Why Should We Think About Food Insecurity and Health?
Social determinants of health, such as access to enough nutritious foods, play a considerable role in disease prevention, health status and health outcomes. An estimated 20 percent of a person’s health status is predicted by health care services such as visiting a doctor. Socioeconomic factors such as location (zip code), food insecurity and health behaviors (e.g., smoking status, BMI) are estimated to play a much larger role [i].
Food insecurity is known to impact health status, including putting individuals at greater risk for chronic diseases, such as diabetes, hypertension, and kidney disease. Individuals living with food insecurity also have more health complications, leading to more emergency room usage, hospital stays and readmissions, and ultimately higher health care costs. New research shows that food insecure patients cost the health care system an average of $1,863 per year, or $77.5 billion in additional health care expenditure annually.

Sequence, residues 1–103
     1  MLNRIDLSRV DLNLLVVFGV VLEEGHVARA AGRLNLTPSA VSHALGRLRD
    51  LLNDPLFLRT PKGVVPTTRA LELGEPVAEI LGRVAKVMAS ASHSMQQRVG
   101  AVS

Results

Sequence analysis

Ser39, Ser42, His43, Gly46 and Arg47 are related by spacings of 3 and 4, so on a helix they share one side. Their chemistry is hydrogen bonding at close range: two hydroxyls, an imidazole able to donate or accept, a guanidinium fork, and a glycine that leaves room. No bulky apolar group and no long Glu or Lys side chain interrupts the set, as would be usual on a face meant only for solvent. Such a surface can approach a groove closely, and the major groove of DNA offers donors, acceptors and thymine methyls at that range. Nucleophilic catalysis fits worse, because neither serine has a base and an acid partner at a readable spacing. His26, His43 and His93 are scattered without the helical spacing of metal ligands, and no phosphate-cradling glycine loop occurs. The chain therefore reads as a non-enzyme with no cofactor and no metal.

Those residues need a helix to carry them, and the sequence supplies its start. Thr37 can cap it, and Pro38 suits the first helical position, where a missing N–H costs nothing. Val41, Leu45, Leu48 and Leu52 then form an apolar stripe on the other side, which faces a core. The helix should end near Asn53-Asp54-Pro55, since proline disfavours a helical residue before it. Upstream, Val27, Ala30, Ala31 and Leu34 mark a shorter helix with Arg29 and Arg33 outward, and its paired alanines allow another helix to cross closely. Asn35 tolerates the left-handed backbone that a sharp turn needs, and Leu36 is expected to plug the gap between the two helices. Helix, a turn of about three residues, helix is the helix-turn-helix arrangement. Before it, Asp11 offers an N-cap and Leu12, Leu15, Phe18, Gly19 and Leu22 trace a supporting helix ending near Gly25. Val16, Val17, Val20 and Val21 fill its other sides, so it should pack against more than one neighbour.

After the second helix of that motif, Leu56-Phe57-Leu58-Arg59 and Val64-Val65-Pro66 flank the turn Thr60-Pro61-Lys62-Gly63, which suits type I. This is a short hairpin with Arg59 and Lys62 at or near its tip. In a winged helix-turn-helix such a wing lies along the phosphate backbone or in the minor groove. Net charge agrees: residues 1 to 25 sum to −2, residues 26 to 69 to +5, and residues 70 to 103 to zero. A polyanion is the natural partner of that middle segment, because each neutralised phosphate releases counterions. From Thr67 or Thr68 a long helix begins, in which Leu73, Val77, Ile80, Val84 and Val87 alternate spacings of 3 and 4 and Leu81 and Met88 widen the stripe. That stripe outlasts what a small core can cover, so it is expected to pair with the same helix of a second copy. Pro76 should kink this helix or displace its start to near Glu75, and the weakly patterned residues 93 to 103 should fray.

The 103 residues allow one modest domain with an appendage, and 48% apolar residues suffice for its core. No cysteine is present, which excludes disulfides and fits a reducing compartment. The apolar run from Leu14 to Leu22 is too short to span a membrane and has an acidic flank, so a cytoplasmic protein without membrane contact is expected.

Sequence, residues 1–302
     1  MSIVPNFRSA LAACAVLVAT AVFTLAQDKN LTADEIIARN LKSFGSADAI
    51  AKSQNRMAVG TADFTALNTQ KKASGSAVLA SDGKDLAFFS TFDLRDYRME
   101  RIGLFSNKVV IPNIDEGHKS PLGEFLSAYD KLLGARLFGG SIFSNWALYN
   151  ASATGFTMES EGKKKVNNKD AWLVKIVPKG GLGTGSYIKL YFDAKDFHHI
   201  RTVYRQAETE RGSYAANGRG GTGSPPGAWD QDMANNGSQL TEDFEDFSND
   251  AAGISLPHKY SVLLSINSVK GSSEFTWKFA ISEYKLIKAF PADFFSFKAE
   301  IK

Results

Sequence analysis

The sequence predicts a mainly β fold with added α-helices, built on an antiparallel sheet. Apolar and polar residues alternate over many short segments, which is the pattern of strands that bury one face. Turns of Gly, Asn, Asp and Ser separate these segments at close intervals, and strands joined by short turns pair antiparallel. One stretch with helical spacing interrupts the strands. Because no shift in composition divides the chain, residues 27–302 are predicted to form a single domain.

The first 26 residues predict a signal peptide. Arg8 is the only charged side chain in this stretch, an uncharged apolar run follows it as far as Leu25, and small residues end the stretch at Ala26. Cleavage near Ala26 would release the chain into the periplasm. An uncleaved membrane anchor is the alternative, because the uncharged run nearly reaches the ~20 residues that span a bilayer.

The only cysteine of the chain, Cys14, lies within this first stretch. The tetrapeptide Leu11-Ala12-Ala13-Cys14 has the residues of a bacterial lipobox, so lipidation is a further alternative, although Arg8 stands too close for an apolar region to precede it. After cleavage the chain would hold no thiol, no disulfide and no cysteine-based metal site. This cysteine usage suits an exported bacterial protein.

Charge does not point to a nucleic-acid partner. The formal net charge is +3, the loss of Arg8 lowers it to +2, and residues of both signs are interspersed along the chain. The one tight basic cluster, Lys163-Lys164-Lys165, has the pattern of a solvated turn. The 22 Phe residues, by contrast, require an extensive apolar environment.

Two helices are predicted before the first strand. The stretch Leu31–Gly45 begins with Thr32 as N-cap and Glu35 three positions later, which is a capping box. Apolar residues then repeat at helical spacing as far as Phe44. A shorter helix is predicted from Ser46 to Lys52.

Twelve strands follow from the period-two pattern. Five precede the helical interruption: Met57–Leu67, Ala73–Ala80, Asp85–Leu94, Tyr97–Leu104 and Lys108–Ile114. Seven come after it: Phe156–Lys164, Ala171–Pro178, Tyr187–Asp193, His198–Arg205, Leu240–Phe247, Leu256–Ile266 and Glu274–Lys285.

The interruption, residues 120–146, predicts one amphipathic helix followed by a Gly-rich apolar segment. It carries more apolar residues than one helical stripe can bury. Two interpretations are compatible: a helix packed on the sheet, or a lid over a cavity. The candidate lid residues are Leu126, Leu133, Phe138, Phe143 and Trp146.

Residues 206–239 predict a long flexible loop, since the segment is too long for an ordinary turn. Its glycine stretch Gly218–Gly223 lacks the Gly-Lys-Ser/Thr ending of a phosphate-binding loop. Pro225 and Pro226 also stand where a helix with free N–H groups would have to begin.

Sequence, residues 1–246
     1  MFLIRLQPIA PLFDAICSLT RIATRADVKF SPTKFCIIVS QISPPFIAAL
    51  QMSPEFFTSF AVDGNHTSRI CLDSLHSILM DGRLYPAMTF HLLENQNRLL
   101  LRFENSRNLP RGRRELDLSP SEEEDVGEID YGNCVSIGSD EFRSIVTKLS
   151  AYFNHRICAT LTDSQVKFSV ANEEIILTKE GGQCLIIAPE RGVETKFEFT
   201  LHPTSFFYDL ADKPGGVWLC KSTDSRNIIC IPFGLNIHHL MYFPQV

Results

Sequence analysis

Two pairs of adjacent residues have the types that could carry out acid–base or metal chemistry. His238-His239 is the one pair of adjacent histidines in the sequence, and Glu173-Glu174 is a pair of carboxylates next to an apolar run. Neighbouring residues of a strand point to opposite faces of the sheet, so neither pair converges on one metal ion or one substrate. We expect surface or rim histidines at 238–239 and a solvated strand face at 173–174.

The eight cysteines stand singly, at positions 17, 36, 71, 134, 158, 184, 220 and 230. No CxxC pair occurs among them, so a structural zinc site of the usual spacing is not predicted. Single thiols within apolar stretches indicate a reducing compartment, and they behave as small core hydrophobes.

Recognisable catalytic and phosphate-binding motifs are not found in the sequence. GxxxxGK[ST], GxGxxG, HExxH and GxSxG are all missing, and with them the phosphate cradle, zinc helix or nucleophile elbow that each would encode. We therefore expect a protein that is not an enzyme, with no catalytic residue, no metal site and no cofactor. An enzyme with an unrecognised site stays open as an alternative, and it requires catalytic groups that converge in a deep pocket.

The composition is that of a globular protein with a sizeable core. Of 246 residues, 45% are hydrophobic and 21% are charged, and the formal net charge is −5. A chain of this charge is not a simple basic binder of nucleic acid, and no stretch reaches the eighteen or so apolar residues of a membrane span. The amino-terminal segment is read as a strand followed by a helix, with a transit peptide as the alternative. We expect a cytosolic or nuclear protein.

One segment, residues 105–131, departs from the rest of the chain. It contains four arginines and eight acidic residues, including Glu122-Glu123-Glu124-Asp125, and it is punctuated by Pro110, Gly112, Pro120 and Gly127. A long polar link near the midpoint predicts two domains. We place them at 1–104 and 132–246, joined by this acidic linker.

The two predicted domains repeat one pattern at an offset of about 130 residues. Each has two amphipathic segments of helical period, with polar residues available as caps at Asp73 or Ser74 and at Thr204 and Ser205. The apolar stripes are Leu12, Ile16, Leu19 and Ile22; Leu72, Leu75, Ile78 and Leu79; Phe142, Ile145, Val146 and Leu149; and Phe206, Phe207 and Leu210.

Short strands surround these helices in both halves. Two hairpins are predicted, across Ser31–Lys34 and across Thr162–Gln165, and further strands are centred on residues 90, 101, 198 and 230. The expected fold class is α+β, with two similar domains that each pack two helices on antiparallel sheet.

In an effort to improve the health of patients and to reduce health care costs, many health care organizations are considering ways to effectively address food insecurity and other social determinants of health as “upstream” interventions. Food banks and other community based organizations can serve as good partners in these efforts toward health promotion.